Precise placement at drilling means less N, same beet yields

12 December 1997

Precise placement at drilling means less N, same beet yields

ACCURATE placement of nitrogen when drilling sugar beet means less fertiliser is needed than when broadcasting to achieve the same yield.

Several years of trials by Belgian and French researchers show placing liquid nitrogen 6-7cm (2.4-2.75in) to one side and below seed boosts crop uptake and eliminates N losses, says Jean-Pierre Vander-geten, assistant director of Belgian beet research station IRBAB.

Results on sandy or sandy loams in Belgium showed the average dose needed for maximum sugar yields was 123kg/ha when broadcast two to three weeks before drilling.

The same yields were achieved using 44kg/ha less N when it was placed. French trials confirmed the trend. "A reduction of 20-40 kg/ha is possible on well structured, irrigated soils," says Mr Vandergeten.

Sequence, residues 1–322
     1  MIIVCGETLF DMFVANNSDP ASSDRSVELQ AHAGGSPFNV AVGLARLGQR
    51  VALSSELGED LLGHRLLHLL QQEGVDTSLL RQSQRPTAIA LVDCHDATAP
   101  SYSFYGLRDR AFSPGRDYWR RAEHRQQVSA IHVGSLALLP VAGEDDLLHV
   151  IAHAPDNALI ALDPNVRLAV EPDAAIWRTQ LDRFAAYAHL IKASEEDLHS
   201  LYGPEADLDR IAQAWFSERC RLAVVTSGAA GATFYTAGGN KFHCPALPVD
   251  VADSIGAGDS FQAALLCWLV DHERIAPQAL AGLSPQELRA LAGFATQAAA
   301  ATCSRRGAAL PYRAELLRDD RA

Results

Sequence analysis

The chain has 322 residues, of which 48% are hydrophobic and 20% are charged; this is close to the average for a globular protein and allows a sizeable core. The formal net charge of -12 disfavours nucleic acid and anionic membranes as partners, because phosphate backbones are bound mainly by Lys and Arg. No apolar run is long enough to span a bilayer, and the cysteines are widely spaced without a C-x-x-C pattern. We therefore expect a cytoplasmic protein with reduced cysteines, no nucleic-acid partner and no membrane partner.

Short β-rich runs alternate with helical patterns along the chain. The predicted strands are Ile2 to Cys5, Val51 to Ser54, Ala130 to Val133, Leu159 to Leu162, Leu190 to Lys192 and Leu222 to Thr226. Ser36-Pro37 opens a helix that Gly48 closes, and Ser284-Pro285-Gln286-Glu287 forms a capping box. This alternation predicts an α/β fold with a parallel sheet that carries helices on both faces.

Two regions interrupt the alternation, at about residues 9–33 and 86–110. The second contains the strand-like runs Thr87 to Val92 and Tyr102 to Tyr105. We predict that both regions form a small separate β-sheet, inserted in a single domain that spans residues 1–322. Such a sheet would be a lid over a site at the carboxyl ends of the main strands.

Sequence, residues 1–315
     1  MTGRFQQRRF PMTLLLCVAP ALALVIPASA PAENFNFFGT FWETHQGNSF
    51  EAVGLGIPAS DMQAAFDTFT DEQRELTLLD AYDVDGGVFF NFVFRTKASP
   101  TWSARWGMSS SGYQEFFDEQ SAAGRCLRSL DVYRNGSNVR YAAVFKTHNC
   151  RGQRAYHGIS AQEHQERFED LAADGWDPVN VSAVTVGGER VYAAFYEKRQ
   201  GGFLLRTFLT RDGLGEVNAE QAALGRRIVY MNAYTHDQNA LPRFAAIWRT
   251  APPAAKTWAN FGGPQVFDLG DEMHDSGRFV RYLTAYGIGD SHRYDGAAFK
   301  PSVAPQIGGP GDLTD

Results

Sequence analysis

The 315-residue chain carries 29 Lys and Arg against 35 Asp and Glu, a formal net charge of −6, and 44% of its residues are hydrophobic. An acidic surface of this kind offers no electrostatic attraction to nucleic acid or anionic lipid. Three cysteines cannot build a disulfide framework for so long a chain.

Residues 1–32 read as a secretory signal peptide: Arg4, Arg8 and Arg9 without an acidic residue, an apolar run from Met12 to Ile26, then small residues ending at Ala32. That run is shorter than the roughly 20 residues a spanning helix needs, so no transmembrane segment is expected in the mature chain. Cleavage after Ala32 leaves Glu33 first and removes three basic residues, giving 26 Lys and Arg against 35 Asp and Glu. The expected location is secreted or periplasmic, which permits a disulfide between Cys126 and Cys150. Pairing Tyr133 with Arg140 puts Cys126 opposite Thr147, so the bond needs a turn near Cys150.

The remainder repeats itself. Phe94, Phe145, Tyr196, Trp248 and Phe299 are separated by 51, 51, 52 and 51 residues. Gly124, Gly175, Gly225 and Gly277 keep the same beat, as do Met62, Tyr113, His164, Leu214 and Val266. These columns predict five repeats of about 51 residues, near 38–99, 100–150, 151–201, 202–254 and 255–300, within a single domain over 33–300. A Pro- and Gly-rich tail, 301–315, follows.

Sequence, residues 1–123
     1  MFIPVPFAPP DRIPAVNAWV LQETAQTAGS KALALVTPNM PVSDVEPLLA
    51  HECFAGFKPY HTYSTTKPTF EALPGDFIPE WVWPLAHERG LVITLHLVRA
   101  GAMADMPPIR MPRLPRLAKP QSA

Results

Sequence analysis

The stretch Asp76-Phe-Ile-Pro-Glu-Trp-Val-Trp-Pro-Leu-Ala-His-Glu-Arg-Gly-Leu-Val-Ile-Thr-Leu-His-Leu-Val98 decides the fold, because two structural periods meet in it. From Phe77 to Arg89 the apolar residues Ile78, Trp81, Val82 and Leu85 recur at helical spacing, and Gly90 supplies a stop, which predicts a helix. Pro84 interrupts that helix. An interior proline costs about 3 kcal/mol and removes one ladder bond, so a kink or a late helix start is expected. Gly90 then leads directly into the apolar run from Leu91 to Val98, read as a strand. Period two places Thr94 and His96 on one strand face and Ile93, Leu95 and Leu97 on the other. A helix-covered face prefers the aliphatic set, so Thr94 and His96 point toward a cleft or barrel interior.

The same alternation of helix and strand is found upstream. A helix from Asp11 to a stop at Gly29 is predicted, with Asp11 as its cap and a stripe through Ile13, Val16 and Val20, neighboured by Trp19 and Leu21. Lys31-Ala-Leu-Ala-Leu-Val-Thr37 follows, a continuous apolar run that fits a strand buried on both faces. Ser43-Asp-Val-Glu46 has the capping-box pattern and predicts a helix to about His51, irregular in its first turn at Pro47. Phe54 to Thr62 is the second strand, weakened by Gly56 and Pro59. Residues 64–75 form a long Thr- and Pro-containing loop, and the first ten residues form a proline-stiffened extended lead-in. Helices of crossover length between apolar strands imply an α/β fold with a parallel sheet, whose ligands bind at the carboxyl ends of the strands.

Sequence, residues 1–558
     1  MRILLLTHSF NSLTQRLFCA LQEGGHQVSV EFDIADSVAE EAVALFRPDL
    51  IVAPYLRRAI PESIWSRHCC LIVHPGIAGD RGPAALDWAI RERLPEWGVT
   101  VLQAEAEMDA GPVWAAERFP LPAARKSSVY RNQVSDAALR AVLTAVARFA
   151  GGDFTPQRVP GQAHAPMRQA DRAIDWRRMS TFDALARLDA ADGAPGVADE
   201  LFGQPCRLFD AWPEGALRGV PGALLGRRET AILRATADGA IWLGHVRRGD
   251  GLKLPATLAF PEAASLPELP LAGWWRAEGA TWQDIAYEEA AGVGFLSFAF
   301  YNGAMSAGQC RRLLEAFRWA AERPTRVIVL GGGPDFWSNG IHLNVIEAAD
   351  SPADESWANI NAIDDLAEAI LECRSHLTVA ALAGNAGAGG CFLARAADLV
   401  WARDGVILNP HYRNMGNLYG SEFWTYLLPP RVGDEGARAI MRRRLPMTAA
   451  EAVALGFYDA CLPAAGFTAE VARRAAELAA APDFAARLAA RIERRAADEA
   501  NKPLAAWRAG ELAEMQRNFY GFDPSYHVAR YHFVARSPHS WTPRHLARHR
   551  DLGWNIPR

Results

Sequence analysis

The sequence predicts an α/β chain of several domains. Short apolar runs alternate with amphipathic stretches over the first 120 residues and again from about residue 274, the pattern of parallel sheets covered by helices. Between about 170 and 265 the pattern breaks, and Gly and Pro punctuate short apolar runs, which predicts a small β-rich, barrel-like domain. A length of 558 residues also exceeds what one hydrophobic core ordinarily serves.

UK growers tend to apply N later, at drilling and again at emergence. Whether the same savings could be made is unclear, he notes.

Other benefits could be shared. Placing N promotes early foliage development, helping yield. Quicker development also means plants can withstand nematode attack better. At almost 2200 larvae/100g of soil, applying 120kg of N in a band at drilling produced a sugar yield of nearly 6t/ha, 1.5t/ha more than where the same rate was broadcast.

Quality was also improved. Amino N fell by 8.4% in the Belgian work where 44kg/ha less N was applied.

lBritish Sugars Mike Armstrong is examining the benefits of placing smaller amounts of liquid N to boost early growth and speed leaf cover. "We would not look to cut rates, we think we have got them about right. The idea is to see if placing a starter dose will increase yields."

Placing fertiliser at drilling time can cut rates and improve sugar beet yield and quality, according to Belgian research.

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